In 2006, AARP was one of the largest, best-known non-profit organizations in the United States. Its membership exceeded 38 million people, by far the largest nonprofit membership organization in the country. In recent years, it had large federal legislation on issues such as Medicare, Social Security, and pension reform through a coordinated effort of professional lobbyists and grassroots volunteers, numbering nearly one million affected. In addition, AARP Services Inc., the orga … Read more »

In 2006, AARP was one of the largest, best-known non-profit organizations in the United States. Its membership exceeded 38 million people, by far the largest nonprofit membership organization in the country. In recent years, it had large federal legislation on issues such as Medicare, Social Security, and pension reform through a coordinated effort of professional lobbyists and grassroots volunteers, numbering nearly one million affected. In addition, AARP Services Inc., the organization wholly owned, taxable (earned income activities) subsidiary manages relationships with AARP supports companies that generated over 500 million dollars in licensing fees from health insurance, life insurance, mutual funds and other products – which is one of the largest social companies in the country. With activities in the commercial, charitable and political arenas, AARP had adopted a truly cross-sectoral approach to achieving its mission of “improving the quality of life for all as we age.” Despite its size, influence and visibility, AARP felt the public does not fully appreciate or understand the organization. Given the growing public interest and media fascination with the application of business practices and market principles in the social sector – under the rubric of social entrepreneurship – AARP relatively little attention from journalists, thinkers and scientists for its entrepreneurial approach. The organization also faced a public relations challenge the fundamental principles of its cross-sector model. Without countermeasures AARP knew that such claims, regardless of their validity could, its ability to achieve its long-term goals to undermine. The organization also faced the challenges of competition and the increasing problem of internal collaboration and synergies across the organization to improve their competitiveness and lead their social impact and member value agendas.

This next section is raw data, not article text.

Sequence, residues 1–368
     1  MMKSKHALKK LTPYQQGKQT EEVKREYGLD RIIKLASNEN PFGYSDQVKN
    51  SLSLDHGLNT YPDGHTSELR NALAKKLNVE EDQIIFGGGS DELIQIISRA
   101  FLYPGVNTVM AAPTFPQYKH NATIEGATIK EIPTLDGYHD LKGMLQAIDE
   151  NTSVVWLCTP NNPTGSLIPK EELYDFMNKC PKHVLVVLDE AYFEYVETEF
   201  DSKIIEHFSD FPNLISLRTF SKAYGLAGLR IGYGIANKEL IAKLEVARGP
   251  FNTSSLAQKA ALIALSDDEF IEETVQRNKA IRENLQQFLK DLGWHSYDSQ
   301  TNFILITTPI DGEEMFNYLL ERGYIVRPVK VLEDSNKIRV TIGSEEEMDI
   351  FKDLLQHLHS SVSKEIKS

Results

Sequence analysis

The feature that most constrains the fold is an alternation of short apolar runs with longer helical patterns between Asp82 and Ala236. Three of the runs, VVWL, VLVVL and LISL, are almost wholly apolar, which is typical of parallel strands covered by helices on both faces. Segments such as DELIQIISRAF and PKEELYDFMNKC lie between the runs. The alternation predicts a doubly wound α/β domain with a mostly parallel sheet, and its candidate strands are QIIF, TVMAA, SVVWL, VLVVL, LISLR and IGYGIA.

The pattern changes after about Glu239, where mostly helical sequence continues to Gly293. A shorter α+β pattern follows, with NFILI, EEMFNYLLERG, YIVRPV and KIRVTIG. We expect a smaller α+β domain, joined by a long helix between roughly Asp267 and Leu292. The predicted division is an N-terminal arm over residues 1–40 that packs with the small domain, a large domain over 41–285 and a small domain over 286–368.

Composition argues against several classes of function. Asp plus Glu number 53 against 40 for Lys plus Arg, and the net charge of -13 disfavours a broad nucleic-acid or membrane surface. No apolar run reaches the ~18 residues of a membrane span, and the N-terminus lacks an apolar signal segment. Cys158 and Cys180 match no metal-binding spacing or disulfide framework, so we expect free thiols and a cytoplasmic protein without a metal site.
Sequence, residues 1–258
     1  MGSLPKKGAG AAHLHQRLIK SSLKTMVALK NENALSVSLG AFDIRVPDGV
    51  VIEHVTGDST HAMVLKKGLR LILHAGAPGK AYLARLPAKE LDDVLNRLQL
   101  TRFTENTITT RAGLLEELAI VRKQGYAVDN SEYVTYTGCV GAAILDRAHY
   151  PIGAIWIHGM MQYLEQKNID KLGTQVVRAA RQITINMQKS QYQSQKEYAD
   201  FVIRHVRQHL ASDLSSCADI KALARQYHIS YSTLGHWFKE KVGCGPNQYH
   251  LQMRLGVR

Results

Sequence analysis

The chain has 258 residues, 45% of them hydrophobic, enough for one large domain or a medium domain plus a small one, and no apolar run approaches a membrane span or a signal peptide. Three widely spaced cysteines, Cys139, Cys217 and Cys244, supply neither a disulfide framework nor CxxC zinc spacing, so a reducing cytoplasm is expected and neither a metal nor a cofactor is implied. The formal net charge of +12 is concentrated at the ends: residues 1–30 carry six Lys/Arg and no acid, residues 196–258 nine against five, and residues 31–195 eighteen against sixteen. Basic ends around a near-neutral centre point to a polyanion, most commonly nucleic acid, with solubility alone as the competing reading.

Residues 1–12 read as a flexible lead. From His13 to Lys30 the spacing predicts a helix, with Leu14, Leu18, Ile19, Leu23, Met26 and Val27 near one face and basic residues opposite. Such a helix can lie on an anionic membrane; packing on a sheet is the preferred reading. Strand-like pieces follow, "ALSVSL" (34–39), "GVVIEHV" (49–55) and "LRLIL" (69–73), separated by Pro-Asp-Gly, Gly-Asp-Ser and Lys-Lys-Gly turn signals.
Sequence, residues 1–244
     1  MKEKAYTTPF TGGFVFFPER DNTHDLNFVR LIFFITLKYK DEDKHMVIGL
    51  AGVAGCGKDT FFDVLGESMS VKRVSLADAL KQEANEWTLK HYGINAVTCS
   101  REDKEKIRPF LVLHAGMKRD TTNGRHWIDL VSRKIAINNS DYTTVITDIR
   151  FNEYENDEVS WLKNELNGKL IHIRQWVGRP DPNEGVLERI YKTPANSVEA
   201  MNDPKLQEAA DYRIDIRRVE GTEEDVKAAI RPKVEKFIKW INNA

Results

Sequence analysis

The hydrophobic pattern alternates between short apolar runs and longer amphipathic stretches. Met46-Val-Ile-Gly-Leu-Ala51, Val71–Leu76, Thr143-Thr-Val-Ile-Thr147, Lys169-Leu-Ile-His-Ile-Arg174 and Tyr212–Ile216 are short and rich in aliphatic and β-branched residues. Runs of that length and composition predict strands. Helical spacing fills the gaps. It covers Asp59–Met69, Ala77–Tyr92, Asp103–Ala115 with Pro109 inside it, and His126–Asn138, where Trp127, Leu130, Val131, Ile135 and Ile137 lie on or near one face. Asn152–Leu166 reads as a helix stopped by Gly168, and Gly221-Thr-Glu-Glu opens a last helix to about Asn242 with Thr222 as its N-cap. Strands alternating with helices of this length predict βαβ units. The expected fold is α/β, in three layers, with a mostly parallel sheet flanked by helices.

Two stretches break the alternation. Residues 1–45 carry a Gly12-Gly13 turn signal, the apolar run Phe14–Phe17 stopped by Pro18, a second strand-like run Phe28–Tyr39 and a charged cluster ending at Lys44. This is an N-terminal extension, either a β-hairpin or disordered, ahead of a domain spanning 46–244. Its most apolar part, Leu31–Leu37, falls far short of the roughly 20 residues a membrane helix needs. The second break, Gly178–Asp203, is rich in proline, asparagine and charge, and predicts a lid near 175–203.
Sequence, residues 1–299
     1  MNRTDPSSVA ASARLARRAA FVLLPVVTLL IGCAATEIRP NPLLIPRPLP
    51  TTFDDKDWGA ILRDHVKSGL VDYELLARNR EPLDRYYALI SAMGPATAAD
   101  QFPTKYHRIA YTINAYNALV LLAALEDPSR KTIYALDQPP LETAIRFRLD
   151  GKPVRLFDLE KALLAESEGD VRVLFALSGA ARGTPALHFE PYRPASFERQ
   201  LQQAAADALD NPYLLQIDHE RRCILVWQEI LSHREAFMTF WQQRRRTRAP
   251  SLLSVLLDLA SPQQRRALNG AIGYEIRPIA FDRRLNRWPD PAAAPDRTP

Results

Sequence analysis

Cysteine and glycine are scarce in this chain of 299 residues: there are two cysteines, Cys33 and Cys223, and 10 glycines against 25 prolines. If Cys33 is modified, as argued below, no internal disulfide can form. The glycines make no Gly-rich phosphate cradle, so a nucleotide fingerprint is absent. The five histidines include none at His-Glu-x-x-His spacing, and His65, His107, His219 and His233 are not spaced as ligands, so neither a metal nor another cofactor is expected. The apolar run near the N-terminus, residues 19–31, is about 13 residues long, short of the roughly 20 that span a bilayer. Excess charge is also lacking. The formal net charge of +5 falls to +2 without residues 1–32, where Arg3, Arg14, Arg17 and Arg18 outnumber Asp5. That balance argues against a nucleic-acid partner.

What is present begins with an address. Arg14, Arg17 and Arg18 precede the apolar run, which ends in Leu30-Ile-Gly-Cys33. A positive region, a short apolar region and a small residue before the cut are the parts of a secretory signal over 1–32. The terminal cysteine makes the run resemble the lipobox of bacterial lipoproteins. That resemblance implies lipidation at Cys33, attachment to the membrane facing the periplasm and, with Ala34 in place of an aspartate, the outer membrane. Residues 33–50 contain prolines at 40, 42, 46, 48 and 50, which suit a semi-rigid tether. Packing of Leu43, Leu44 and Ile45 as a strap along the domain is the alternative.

«Hide

from
James Phills,
Brian Tayan
Source: Stanford Graduate School of Business
23 pages.
Publication Date: Aug 12, 2007. Prod #: SI91-PDF-ENG
AARP and AARP Services, A Multi-Sector Approach to Social Change HBR case solution